Museum ethics codes are written outside of the realm of legality to protect the integrity of the museum while respecting its collection. Give Me My Father’s Body by Kenn Harper brings attention to the battle led by an Inuk man to reclaim his father’s body which had been put on display at the American Museum of Natural History in New York without the consent of the family. This act of desecration of the dead crossed the line between public education through ethnic interpretation and disrespecting the individuals of the ethnicity that was being interpreted.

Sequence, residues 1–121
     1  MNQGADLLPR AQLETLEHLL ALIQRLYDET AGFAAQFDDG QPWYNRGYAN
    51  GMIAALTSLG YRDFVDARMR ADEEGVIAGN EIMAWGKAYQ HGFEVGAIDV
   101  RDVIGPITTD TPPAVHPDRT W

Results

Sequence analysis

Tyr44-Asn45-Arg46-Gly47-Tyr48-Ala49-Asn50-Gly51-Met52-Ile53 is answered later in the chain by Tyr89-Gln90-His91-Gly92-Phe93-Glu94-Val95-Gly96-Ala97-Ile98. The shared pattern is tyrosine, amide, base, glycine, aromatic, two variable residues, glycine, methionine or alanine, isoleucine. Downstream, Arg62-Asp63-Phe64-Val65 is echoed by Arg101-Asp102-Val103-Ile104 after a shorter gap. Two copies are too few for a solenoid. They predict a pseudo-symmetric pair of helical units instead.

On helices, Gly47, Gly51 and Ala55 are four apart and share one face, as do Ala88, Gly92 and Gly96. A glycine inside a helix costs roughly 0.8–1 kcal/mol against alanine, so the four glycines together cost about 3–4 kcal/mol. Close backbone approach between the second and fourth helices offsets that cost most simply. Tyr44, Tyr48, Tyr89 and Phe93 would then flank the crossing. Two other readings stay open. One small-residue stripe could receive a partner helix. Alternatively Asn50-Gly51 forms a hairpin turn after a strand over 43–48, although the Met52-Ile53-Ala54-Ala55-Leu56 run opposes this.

I spoke with Colette Lemmon, Curator of the Iroquois Indian Museum, about her views of exhibiting cultural objects while attaining codes of ethics. Ms. Lemmon has experience with acting as a curator and consultant for numerous Native American art collections at various institutions and The National Vietnam War Museum. She believes that it is important never to use the first person when speaking about another culture. It is appropriate to exhibit cultural objects through an anthropological point of view, but care should be taken to remain respectful toward the group of individuals whose story that object tells.
Exhibits should not only be about what you can take from a culture, whether you are handling the stories of Native people or war veterans, but what you can give back to that culture. What steps can be taken in order to exhibit cultural objects for public education while maintaining respect for the members of the culture?